Sotheby's New York to sell 'The Rockefeller Raza' during Asia Week sales in March
Date: 9 Jan 2012 | | Views: 1749
Sayed Haider Raza, Village With Church, 1958. Photo: Sotheby's.
NEW YORK, N.Y.- Among the highlights of Sotheby’s March 2012 Asia Week sales in New York is one of the most significant paintings by Sayed Haider Raza ever to appear on the market - Village With Church from 1958. The painting was purchased by Mr. and Mrs. John D. Rockefeller III from the landmark 1958-59 exhibition Trends in Contemporary Painting In India and remained in their historic collection until 1994. Village With Church represents the apex of Raza’s early period and is estimated to sell for $1.5/2.5 million. The painting will be included in Sotheby’s sale of Modern and Contemporary South Asian Art on 19 March 2012 and will be on view beginning 16 March.
Priyanka Mathew, Head of the Modern and Contemporary South Asian Art Sale at Sotheby’s said: “We are delighted to bring this important and historic painting to auction. John D. and Blanchette Rockefeller were two of the most important early champions of modern Indian painting in the United States. Their patronage and support was key in introducing the work of the Progressive Artists’ Group in America, of which Village With Church is such a significant example.”
John D. Rockefeller III, the eldest son of John D. Rockefeller Jr., devoted his life to the promotion of Asian-American relations. Along with his wife he made several visits to India, meeting numerous artists, businessmen and politicians, including Prime Minister Jawaharlal Nehru and his daughter Indira Gandhi.
Perhaps his most notable achievement was the establishment of the Asia Society in New York - an organization that continues today with the goal of bringing ‘the peoples of the United States and Asia closer together in their knowledge of each other and each other’s way of life.’ Central to this mission was promoting cultural exchange and addressing the lack of exhibitions of Asian art in the US.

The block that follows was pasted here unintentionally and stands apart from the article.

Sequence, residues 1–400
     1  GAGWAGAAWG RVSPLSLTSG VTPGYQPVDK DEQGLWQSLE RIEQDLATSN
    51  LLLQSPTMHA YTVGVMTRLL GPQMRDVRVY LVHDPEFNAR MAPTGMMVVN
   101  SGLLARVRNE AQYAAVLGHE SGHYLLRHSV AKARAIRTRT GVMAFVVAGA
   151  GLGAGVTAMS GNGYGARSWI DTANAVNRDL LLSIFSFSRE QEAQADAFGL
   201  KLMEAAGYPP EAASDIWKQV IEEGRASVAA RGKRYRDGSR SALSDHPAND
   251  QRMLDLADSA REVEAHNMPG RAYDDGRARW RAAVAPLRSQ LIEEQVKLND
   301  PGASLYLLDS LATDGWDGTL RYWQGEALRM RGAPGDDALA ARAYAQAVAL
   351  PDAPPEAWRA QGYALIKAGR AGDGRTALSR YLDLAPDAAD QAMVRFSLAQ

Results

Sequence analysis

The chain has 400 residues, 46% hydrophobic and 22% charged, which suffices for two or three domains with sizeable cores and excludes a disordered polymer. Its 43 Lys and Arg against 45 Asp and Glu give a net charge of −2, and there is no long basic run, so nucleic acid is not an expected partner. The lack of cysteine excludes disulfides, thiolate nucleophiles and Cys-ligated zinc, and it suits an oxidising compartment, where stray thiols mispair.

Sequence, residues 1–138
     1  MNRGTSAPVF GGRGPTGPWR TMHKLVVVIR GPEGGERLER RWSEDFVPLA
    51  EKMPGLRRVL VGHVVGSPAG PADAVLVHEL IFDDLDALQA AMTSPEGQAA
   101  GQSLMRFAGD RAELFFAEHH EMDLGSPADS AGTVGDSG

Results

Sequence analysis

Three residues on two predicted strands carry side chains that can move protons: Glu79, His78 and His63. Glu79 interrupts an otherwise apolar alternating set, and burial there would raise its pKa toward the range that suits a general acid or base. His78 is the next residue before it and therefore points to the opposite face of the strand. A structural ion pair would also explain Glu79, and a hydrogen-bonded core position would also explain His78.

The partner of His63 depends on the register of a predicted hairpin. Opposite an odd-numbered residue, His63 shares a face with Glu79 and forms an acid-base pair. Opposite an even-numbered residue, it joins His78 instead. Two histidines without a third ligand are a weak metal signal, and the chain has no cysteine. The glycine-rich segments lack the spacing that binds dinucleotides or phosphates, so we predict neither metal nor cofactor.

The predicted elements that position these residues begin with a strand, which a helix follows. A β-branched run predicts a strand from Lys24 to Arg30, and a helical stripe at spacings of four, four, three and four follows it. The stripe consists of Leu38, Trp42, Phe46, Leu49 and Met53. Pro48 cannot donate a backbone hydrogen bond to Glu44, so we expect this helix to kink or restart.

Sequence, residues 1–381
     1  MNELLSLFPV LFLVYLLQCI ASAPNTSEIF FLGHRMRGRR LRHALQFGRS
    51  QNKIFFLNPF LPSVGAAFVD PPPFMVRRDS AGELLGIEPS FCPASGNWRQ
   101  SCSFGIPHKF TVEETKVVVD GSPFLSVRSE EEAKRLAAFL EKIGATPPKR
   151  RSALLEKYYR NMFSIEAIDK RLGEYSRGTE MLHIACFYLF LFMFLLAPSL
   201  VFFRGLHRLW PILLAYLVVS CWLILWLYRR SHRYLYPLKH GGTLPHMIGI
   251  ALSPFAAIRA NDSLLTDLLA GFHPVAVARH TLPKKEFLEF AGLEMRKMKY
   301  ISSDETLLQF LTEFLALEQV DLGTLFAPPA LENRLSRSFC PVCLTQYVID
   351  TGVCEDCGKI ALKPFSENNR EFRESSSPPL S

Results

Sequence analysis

In addition to the Asia Society, John D. Rockefeller III founded both the Indian Cooperative Union and the American Association for Economic and Social Development, for which Thomas Keehn was the representative of the Rockefeller Foundation. Keehn lived in India and befriended many of the artists who became known as the Progressive Artists’ Group. He went on to organize 8 Painters, an exhibition of their work held in Delhi in 1956 that included Village With Church. This exhibition would later expand and transfer to the U.S. as Trends In Contemporary Painting In India, the first such exhibition ever mounted in America. It was shown in numerous museums and galleries throughout the U.S. and was received as both a critical and popular success. Among the stops was a show at Graham Gallery in New York where the painting caught the eye of the Rockefellers.
Raza spent a considerable portion of his career in France, first arriving in 1950 and still today maintaining a studio in the south of France. He was deeply moved by the works of the European modernist masters, particularly Cézanne and van Gogh, and his works from this period echo the structure and formalism of both of these artists. Receipt of the prestigious Prix de la Critique (Critic's award) in 1956 afforded Raza both international recognition and the freedom to leave Paris and travel throughout his beloved adopted homeland. Throughout the 1950s in France, Raza painted the landscapes of Europe in semi-abstracted forms, but with identifiable architectural elements that provide a constant link to human activity. Heavy with impasto and punctuated with staccato gestural strokes, Village with Church exudes a dynamic, tempestuous energy so characteristic of the artist; a hybrid of the lyrical abstraction redolent of the postwar École de Paris, and the vibrancy and direct color treatment of a Rajput miniature. Village With Church is one of the seminal paintings from this period and stands as an enduring legacy of one of the pioneers of Indian Modern Art.